I’m willing to put up with a few lackluster years, since I have faith that in the future the committee will go on to put that famous Newbery seal on more wonderful, fantastic, loveable books.
Am I the only one who has favorite books that also happen to boast a gold seal?
Thanks so much for this post. We have a section in our library that is all Newberrys and Caldecotts and we work our way through religiously. Some of our very best reads have come from the Newberry section and I consider it a reliable award that hasn’t let me down yet, and I can’t say the same thing for Captain Underpants and the ilk. I’ll stick with the Newberrys and hope for the best!
This is such a great post, my mom was obsessed with Newberry books and we checked out a ginormous stack from the library all the time.
…coincidentally, I actually loved Secret of the Andes, although I didn’t read it the half-dozen times that I’ve read Charlotte’s Web. ;o)
I never noticed Newbery only had one R. Weird.
Douglas Carl says
You should apply to be a member of the board. I can’t imagine anyone better.
I think you’re right. The award is great even if there are a few duds mixed in there.
I loved Secret of the Andes! I think I liked it more than Charlotte’s Web, actually.
When I was in 6th grade, I read all the Newberry books (my class was pretty boring). There were some pretty boring ones even before we reached the 21st century.–A Brief History of Mankind comes to mind. I admit, though, that I haven’t kept up with the Newberries over the last 10 years because they didn’t seem quite as captivating or solid or interesting as The Giver or The Bronze Bow or some of my other favorites. It seems like the focus certainly has changed to a certain kind of book, but perhaps that’s just a reflection of our society changing. I don’t know if that’s a good thing or a bad thing, or if it just is.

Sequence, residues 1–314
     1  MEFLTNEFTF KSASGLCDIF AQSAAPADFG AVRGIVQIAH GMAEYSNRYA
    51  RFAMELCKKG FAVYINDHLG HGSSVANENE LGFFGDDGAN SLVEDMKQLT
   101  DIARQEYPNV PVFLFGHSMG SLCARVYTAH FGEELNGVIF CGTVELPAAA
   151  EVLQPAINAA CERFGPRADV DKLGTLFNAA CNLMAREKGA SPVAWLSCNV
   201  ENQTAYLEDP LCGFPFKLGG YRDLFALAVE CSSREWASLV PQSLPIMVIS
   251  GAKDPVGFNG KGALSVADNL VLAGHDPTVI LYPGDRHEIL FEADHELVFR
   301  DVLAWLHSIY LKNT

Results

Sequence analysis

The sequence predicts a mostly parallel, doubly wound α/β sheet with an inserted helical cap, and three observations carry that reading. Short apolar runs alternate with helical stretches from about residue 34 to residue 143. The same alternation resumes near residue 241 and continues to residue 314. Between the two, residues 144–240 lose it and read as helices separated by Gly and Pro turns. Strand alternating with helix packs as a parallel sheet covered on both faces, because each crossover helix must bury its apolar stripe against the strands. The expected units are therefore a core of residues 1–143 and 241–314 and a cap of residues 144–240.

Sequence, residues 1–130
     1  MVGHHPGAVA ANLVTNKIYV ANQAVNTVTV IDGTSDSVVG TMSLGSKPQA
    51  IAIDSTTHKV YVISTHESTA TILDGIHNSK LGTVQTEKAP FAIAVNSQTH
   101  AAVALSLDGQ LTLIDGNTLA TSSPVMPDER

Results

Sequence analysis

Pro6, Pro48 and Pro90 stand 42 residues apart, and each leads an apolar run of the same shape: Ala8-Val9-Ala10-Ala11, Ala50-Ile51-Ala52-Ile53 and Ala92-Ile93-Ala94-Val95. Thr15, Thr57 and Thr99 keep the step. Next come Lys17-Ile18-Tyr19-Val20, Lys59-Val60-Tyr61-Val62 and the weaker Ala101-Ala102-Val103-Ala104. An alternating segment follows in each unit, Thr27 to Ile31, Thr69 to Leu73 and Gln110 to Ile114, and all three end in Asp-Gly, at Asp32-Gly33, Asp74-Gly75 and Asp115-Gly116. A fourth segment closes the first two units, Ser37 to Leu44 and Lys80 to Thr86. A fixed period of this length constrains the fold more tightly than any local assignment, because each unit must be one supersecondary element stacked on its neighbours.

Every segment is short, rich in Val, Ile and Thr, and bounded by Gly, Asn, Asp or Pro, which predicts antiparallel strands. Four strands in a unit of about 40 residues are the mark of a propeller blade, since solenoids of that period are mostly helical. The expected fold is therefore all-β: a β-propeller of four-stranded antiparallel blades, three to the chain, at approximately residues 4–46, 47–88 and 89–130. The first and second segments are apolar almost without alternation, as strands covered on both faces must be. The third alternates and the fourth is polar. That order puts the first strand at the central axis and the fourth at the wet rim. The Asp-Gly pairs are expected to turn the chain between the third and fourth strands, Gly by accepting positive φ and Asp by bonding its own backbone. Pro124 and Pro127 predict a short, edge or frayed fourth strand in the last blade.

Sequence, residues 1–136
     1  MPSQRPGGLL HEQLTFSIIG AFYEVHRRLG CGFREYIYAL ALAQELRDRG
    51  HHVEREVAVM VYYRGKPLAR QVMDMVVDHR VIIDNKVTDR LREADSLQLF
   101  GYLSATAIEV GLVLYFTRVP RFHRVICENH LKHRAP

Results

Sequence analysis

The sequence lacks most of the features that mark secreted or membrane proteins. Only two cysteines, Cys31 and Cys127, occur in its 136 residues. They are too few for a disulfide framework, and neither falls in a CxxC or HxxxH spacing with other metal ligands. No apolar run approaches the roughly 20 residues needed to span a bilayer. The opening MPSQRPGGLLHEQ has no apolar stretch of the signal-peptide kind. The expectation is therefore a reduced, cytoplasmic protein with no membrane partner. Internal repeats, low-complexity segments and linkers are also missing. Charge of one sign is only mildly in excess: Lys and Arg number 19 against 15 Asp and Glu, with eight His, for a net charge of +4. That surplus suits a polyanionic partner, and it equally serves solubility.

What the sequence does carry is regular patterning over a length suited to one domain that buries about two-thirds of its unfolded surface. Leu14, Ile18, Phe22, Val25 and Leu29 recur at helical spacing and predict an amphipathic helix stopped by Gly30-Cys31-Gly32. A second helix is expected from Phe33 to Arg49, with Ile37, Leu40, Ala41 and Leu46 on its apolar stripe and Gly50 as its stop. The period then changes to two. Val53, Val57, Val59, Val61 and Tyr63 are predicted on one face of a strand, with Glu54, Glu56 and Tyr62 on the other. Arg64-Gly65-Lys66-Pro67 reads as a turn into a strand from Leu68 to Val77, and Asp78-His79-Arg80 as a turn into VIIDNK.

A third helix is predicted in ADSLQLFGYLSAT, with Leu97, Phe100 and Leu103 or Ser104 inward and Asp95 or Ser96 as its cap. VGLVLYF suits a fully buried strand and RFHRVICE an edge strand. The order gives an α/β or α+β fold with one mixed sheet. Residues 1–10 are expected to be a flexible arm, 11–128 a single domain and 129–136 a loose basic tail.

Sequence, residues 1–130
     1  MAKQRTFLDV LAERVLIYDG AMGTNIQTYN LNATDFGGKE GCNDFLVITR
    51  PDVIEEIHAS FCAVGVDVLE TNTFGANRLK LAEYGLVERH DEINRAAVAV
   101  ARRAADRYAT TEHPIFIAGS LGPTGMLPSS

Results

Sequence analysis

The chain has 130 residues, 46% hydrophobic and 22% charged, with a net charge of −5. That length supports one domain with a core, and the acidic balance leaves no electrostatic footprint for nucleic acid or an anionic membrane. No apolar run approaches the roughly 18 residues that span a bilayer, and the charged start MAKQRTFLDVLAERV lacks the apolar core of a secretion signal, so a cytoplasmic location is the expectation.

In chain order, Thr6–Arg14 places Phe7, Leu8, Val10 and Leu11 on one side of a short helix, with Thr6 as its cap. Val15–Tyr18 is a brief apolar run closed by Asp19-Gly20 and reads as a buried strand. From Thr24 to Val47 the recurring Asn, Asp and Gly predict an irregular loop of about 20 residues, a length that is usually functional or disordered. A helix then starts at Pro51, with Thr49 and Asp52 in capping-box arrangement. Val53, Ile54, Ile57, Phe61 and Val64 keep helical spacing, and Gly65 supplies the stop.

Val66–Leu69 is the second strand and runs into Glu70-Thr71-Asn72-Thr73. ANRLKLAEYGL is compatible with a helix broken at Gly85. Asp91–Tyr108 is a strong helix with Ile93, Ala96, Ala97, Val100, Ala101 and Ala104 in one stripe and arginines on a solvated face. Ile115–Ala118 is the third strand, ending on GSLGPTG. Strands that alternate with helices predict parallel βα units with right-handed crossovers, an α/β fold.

My wife, an elementary school librarian, likes many of the Newbery “Honor” books better than the actual awards. When you teach in an at-risk setting, you sometimes have to almost trick the kids into reading, and some of the other vacuous books while content slim, but bathroom humor heavy seem to help do the job, especially for boys. I doubt that the author of the Junie B. Jone’s series is REALLY sad or feels cheated that she didn’t get a Newbery. I think they are different types of authors with different types of readers in mind. In the end, how wildly popular a book is, probably isn’t a true determinant of it’s lasting value or impact.
Well, Walk Two Moons is one of my favorite books of all time. My mom and I read it out loud to each other over the kitchen table and it’s a fond memory.
And it’s listed as one of the least popular books from its decade.
So you just never know what people might like. I thought Bud Not Buddy was totally unmemorable and I would never read it again, and kids love it, supposedly.
We should start reading the Newberys together. That would be fun 🙂
I’m looking through the Newbery Awards and I’m seeing so many wonderful books, either as medal books or honor books! Ella Enchanted (1998), A Girl Named Disaster (1997), Walk Two Moons (1995), the Giver (!!) (1994), the Whipping Boy (1987), Dear Mr Henshaw (1984), Dicey’s Inn (1983)..I could go on and on. My kids (when I have them) are going to have a lot of these in their bookcase!
Science Teacher Mommy says